Britains bonkers nuclear survival manual from Cold War unearthed

Britains bonkers nuclear survival manual from Cold War unearthed

Nuclear war: UK government advise to stay INDOORS in 70’s

During the Cold War, the threat of a nuclear attack petrified many, a fear that has been reignited since Vladimir Putin launched his “special military operation” in Ukraine last year. The term “nuclear anxiety” or “nucleomituphobia” was coined in the Sixties in response to the likes of the Cuban Missile Crisis and the horrors seen in Hiroshima and Nagasaki, demonstrating the catastrophic impact nuclear bombs could have. This fear inspired intrigue in historian Julie McDowall who has penned a new book, shedding light on the British Government’s bizarre — and “pointless” — plans if an attack were to happen during the Cold War.

In her new book, Attack Warning Red! How Britain Prepared for Nuclear War, Ms McDowall has delved into the Home Office and Local Authorities archives, discovering the “futile” plans the Government had in place if a nuclear attack were to happen, spanning a period of around 40 years from 1945, which would have seen the leadership of people from Winston Churchill to Edward Heath, Harold Wilson to James Callaghan, and Margaret Thatcher.

Bizarrely, the NHS planned to resort to foraging for natural herbal remedies once all the drugs ran out after a nuclear bomb was dropped, Ms McDowall found.

According to papers seen in the Old East Anglia health authority archives, they planned to scour hedgerows and gardens in Norfolk to find plants and herbs that could be used for medicinal purposes.

The author and host of the Atomic Hobo podcast told the Today programme: “It’s just horrifying that after the most horrific medical emergency when people would be facing burns, missing limbs, abdominal injuries and the liquifying of the eyeball that the NHS would be trying to meet that horror with plants.”

After the atomic bomb was dropped on Hiroshima — the world’s first nuclear attack — there were reports that victims’ eyes melted and skin peeled off like a glove in the wake of the blaze.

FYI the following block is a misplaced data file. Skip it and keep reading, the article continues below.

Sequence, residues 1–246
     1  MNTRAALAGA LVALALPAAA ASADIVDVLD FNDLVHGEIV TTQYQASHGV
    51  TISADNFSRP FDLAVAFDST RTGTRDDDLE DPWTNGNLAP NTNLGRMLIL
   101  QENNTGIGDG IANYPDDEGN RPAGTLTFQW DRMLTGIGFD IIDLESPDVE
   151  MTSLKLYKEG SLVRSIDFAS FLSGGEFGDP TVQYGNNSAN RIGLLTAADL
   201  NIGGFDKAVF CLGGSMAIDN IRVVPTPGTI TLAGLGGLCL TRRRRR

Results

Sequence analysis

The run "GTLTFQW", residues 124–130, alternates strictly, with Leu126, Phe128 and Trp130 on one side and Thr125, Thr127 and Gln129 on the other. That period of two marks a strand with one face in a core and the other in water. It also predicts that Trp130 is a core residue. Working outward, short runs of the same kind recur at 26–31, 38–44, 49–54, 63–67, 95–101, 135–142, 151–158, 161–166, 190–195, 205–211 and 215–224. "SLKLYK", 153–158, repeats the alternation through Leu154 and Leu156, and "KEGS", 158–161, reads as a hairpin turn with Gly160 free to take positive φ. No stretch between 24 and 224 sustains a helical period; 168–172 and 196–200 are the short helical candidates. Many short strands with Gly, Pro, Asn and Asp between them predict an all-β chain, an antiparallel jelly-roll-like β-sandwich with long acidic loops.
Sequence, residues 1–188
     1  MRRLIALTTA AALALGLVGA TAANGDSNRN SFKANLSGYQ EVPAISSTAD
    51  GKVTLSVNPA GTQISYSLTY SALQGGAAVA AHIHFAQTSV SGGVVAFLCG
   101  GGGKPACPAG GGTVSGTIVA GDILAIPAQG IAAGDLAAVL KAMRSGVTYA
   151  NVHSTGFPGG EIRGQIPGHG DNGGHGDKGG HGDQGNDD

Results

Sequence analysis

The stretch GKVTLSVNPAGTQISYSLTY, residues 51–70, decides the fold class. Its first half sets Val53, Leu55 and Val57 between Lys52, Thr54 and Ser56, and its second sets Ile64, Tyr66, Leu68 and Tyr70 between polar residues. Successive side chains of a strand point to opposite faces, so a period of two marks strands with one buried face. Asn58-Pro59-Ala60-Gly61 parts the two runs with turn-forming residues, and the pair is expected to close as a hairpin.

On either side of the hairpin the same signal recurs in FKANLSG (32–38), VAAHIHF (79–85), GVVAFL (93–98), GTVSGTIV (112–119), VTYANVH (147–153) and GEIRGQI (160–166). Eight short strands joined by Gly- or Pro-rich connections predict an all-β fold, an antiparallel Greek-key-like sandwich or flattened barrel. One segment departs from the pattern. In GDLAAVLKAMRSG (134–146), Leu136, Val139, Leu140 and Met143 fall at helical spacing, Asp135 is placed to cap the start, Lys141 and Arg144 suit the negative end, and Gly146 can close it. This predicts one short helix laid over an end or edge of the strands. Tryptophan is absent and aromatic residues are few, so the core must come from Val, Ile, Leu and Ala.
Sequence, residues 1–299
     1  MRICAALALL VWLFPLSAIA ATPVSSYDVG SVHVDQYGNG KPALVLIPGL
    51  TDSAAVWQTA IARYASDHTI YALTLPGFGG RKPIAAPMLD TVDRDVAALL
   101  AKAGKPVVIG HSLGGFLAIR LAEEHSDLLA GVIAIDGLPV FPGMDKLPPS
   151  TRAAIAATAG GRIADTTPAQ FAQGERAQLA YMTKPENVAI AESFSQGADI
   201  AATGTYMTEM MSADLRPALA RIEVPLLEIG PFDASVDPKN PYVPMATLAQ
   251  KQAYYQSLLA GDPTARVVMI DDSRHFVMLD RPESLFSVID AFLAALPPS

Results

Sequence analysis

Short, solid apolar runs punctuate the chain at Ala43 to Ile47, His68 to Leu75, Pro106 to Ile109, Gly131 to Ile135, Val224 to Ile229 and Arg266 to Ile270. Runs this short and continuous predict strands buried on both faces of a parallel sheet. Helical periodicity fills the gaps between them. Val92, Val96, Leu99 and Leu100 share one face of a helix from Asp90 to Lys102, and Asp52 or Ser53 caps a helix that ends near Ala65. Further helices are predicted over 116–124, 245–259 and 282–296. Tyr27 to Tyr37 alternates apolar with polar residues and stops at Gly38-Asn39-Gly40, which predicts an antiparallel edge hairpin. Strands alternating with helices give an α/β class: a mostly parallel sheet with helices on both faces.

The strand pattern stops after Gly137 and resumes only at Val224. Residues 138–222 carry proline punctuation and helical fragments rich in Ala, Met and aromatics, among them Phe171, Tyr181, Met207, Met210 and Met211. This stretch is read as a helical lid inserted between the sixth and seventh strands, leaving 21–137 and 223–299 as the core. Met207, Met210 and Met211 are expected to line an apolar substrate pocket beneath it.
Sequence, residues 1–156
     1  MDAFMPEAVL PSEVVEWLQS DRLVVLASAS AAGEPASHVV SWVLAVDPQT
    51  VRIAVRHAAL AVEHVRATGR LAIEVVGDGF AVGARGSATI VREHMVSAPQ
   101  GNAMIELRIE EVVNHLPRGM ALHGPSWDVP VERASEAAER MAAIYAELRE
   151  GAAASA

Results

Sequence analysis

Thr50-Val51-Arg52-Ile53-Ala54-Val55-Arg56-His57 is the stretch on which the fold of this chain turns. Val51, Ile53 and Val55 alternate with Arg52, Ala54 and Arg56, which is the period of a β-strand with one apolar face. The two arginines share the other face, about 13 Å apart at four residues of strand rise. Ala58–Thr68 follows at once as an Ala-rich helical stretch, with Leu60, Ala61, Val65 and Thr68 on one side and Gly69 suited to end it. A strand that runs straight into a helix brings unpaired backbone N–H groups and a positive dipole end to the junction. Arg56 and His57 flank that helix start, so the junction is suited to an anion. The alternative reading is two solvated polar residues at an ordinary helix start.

She said the plans demonstrated the “absolute desperation” the UK would have been in if a nuclear attack had happened.

If nuclear war had erupted, the BBC, ITV, and Channel 4 would have come off the air and been replaced with the “spartan wartime channel”.

Although the same had happened during World War 2 with the BBC Home Service, far fewer people owned a television than during the Cold War, meaning the blank screen would be a “constant reminder” that normal life had come to an end.

The only available broadcasts, her research found, would have been announcements and instructions on how to survive, with the channel devoid of light relief and archive entertainment.

The initial warning would state: “Here is an emergency announcement. An air attack is approaching this country. Go to a shelter or take cover immediately.”

The message would be sent to some 250 police stations across the country would be alerted with bank phones that resembled children’s toys, issuing “a four-minute warning, brought to you by Fisher-Price”.

In the Derbyshire village of Monyash, the plan was far more low-tech. A publican told the BBC in 1980 that he planned to cycle through the street yelling “the Russians are coming” had he received the deadly signal.

Ms McDowall said that her fascination with nuclear war began as a child — but from a place of fear.

At just three years old, she remembers her father watching the 1984 film Threads, the British nuclear war drama based in Sheffield, Yorkshire, which terrified audiences. The date of its release, some 40 years ago, was dubbed “the night the country couldn’t sleep”.

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She continued: “I was entranced by what I was seeing on the screen, so by the age of three, I had been possessed and haunted by the dread of a nuclear attack, this feeling that a bomb could drop at any moment and there’s nothing that anyone could do to protect you.”

Her research has revealed that although plans were put in place, they were completely “futile”.

She explained: “There is no defence against it. The only defence of course is not to have a nuclear war… We see the Government and the authorities doing their best to deal with the impossible.

“But they must have known when they were making these plans that it was futile, that it’s pointless, that it’s absurd but they were obliged to do it anyway and hope that we would go along with it all.”

Ms McDowall’s book Attack Warning Red! is published by Bodley Head.

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